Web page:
Wednesday, September 27, 2006

Husted Homiletics

From a workshop by Heidi Husted entitled "Preaching in the Missional Church"...

Dr. Husted described a process that she used in her congregation named "Partners in Ministry." The following are "voices which are part of the dialogue" of sermon preparation.

1. The Text itself.
We should preach texts. This is the first naivete. Read the text over and over again. Read the text aloud. Use different translations including paraphrases like the Message or the Cotton Patch Gospels. Wallow in the the text.

2. Listen to the World behind the Text.
Look at the Greek and Hebrew. Study the historical-critical background. Remember that full objectivity is not possible.

3. Literary Form.
Note the world that the text creates.

4. Your Voice (The Preacher's Voice).
Where am I coming from?

5. Listen to the Congregation.
What hits you in the text? What would your congregation pick up on? What is surprising or offensive, confusing or ellusive, connecting or disconnecting?

6. Listen to the Distant Others.
The disinfranchised. Differences in class, race, culture and faith.

7. Listen to the Holy Spirit.
The Holy Spirit should be present in the entire process.

I would only add a few things. We should listen to the Church. How has the church interpreted the text? Does the text bring insight to the Confessions? How?

Saturday, September 09, 2006

Arminian Grace


Keywords: grace, works, faith, gift

(Sung to the tune of "Amazing Grace")

Arminian "grace!" How strange the sound,
Salvation hinged on me.
I once was lost then turned around,
Was blind then chose to see.

What "grace" is it that calls for choice,
Made from some good within?
That part that wills to heed God's voice,
Proved stronger than my sin.

Thru many ardent gospel pleas,
I sat with heart of stone.
But then some hidden good in me,
Propelled me toward my home.

When we've been there ten thousand years,
Because of what we've done,
We've no less days to sing our praise,
Than when we first begun.

Tuesday, September 05, 2006

Cutting Holes in the Darkness

Building One Another, September 5, 2006 e-Volume 5, No. 36 "Cutting Holes" by Stanley Ott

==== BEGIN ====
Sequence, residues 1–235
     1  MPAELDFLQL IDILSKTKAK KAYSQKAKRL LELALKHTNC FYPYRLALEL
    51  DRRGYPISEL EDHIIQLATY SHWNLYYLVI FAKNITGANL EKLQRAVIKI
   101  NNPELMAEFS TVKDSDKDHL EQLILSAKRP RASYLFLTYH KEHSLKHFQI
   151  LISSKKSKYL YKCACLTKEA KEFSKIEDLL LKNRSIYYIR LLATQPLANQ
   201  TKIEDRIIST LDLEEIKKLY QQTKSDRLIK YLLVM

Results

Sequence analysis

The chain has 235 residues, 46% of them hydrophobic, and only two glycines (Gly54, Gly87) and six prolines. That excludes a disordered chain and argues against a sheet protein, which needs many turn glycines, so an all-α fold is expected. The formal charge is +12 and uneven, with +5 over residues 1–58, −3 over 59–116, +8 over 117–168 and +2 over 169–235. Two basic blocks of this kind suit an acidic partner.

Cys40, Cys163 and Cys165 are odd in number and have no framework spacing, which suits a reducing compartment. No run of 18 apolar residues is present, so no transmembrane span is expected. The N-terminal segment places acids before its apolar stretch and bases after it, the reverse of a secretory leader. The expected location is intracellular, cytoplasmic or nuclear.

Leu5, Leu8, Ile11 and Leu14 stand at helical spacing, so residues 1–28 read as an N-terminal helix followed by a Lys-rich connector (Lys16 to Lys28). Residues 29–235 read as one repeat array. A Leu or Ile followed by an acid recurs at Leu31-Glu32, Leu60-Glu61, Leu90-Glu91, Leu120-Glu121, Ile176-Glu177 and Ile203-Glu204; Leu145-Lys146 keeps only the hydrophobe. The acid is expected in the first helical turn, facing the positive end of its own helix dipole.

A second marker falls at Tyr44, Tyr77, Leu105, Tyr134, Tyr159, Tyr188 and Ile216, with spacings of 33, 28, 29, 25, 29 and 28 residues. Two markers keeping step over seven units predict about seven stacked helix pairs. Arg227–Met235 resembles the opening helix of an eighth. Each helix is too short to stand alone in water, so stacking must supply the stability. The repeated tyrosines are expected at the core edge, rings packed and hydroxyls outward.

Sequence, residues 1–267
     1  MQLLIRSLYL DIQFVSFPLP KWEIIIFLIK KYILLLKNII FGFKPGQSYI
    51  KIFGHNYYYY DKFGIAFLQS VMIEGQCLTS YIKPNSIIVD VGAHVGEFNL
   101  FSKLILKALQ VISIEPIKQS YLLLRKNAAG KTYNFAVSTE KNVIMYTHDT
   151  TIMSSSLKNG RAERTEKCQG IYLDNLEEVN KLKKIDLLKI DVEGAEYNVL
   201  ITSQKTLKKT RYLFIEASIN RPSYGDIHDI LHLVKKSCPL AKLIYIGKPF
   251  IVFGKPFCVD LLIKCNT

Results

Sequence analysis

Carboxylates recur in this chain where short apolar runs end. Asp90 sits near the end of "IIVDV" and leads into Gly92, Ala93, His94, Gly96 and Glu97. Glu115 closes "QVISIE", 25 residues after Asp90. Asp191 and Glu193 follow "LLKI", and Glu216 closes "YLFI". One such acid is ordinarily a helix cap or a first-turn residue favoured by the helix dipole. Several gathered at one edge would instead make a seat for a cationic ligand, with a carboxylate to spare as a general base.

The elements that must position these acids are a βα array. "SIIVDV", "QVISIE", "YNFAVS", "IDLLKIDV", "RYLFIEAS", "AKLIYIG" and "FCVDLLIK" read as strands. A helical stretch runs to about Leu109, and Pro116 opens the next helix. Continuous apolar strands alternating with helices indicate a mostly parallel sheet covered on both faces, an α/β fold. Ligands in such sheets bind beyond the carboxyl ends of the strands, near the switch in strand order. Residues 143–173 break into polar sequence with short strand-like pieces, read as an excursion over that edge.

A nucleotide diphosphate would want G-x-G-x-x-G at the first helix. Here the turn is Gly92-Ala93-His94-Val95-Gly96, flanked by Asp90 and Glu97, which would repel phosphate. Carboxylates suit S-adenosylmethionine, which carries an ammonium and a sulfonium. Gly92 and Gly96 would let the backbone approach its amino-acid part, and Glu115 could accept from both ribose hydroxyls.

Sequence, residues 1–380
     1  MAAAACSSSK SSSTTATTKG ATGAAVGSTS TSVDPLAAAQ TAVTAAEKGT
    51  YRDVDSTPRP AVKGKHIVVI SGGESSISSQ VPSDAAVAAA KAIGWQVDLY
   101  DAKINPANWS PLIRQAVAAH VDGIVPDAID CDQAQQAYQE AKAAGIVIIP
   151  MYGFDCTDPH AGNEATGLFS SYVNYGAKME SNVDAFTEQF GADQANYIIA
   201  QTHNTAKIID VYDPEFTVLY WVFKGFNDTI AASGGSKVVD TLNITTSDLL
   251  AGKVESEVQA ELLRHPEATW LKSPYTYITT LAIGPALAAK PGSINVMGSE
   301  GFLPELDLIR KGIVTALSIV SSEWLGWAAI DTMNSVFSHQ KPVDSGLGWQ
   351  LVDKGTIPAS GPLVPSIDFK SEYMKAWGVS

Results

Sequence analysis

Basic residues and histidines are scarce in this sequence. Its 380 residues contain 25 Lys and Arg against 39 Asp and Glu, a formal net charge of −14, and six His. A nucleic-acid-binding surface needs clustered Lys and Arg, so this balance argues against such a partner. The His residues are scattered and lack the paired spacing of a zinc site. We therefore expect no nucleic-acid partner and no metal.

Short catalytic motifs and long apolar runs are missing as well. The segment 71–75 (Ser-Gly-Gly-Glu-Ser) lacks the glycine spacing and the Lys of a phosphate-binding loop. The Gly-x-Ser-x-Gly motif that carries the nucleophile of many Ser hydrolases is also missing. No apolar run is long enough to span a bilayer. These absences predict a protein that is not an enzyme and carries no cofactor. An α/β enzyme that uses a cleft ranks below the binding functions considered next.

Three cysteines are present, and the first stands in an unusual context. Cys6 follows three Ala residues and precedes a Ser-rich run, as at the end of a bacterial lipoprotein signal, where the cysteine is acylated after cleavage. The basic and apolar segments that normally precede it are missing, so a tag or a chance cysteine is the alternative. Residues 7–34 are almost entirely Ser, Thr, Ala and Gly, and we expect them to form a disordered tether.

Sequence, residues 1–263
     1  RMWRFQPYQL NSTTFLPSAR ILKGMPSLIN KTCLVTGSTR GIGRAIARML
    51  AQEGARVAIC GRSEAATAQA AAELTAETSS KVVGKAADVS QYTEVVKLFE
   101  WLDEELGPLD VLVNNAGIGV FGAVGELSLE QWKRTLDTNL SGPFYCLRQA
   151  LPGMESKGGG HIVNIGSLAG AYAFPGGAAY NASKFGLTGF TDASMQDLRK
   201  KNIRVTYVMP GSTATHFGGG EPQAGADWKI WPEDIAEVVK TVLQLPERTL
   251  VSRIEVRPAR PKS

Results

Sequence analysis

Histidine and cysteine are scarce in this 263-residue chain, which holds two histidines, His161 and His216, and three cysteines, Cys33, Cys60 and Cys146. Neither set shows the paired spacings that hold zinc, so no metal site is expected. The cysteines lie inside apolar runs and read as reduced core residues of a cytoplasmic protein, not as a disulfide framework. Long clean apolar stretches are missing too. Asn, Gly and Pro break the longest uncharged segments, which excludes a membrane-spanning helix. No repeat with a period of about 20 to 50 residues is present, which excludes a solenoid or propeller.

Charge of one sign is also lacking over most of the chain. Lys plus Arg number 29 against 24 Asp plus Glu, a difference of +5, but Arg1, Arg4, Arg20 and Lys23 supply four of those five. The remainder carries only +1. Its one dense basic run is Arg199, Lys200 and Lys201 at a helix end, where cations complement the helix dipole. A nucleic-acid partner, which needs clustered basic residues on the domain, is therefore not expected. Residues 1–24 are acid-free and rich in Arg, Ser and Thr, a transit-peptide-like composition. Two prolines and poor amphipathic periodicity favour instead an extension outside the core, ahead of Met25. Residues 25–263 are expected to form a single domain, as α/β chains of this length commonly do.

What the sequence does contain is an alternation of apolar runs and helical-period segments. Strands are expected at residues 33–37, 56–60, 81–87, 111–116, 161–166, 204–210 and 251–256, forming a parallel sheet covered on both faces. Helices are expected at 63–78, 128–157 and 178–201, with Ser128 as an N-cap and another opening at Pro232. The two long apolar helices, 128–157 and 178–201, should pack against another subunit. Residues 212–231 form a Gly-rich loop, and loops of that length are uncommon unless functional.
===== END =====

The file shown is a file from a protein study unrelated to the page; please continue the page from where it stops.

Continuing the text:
Keywords: light

I love the story James Hewitt tells in his Illustrations Unlimited of author Robert Louis Stevenson, who at age twelve upon watching a man light the gas streetlights, said to his governess, “I am watching a man cut holes in the darkness.”

Wow! What a vivid picture. It is certainly obvious that there is plenty of darkness in our world and in our own lives. The idea that holes may be cut in that darkness is hopeful, liberating, and motivating.

Jesus Christ has cut such a huge hole in the darkness that when all is finally said and done, there will be no darkness. “What has come into being in him [Jesus] was life, and the life was the light of all people. The light shines in the darkness, and the darkness did not overcome it.” John 1:3-4*

Jesus Christ is cutting holes in the darkness in your life. His mercy, grace, and love have moved you from the domain of darkness to the kingdom of God’s beloved son. Whatever your need may be, open yourself to his enlightening work in your life.

Just as we realize that Jesus cuts holes in the darkness, so ought you and I to cut holes in the darkness we encounter. Ask yourself and your Lord to help you see the darkness in your own life and in the situations around you and decide what to do - and do it!

‘You are the light of the world. A city built on a hill cannot be hidden. No one after lighting a lamp puts it under the bushel basket, but on the lampstand, and it gives light to all in the house. In the same way, let your light shine before others, so that they may see your good works and give glory to your Father in heaven.” Matthew 5:14-16